Comic shop shelves don’t see many anthology comics these days. IDW is one of the few publishers brave enough to offer them. An anthology featuring an all-woman creative team is braver still. Marvel has done it recently to great acclaim, but in the case of the Womanthology series all proceeds go to the Global Giving Foundation, a noble cause for a noble project.
The trouble with any anthology, though, is inconsistency. That’s not to be confused with variety, the anthology format’s greatest strength. Some of the content will be breathtaking and, often, some will be merely okay. Let’s take these one at a time:
The first story, “Ча́йка” (which makes me glad this is a written review and does not require me to be able to pronounce Russian), is written by Blair Butler with art by Alicia Fernandez and letters by Rachel Deering. Yes, even the letters here are women. “Ча́йка” is a biography of the first woman in space, Russian Valentina Tereshkova, and though it’s a straight-forward telling it’s nonetheless moving. Playing up Tereshkova’s lack of agency in the middle of such a historic accomplishment makes for a powerful metaphor.
“The Agency” by Joelle Sellner and Jean Kang, with letters again by Rachel Deering, is not as strong. An enjoyable but pedestrian story of office politics and alien invasion with equally pedestrian art, “The Agency” follows executive assistant Chloe as she discovers her co-workers are being used in alien experiments that turn them into green, unironically tentacle-armed beasts. It’s inoffensive but not especially memorable.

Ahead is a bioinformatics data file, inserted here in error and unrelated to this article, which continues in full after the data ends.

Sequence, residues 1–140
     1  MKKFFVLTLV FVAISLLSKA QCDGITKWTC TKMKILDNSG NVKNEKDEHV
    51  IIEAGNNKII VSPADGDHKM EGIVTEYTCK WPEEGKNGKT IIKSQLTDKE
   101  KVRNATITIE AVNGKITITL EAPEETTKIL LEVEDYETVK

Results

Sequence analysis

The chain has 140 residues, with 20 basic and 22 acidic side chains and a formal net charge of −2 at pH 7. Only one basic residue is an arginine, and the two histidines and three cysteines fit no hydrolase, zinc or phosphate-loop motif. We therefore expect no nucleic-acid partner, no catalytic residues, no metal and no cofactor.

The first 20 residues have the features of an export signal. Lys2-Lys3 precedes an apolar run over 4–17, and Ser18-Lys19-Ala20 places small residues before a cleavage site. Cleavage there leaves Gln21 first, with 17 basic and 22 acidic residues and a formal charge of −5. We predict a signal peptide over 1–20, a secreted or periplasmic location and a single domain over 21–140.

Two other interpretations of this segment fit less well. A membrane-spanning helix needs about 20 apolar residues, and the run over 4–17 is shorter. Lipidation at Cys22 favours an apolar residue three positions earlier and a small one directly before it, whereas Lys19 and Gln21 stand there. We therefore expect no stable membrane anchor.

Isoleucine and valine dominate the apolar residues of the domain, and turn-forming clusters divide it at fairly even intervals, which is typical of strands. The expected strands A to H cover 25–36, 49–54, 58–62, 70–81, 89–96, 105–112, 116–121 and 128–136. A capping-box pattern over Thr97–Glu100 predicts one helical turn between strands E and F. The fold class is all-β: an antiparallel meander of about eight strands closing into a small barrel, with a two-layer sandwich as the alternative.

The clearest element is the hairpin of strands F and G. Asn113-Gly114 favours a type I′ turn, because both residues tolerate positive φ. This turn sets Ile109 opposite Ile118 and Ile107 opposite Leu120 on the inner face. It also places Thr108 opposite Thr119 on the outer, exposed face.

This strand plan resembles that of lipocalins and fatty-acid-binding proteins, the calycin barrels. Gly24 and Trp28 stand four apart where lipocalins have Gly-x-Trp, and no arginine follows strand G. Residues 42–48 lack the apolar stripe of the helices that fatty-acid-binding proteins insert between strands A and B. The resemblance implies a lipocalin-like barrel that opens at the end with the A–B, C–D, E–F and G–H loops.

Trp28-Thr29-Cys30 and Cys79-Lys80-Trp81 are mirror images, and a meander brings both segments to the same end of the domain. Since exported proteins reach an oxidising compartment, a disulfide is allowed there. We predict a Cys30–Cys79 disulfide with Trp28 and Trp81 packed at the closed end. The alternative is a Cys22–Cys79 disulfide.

Though I know men can be crazy cat ladies too, I couldn’t help but think of Ellise Heiskell and Maarta Laiho’s “All Cats Are Quantum” as a consummate example of a smart feminine story. More an explanation of a concept than a proper narrative, “All Cats Are Quantum” suggests that a civilization can only achieve interstellar travel if they have some form of cat. All felines, no matter their planet of origin, “share a common resonance regardless of distance” that makes travel between worlds possible. Laiho’s depictions of alien cats being, well, cats is worth the price of admission all by itself.
Filling out the end of the book is Devin Grayson’s tutorial “How to Script Comics!” and a set of pin-ups including one by Cartoon Network animation artist Brianne Drouhard. As someone who dreams of getting involved with the writing side of comics, I found Grayson’s script formatting template both helpful and inspiring. The comics industry is a massive, intimidating beast, and it’s nice to be reminded that all it takes is the right formatting to do from dreaming of comics to writing them. Getting them published? Well, there’s always the next anthology.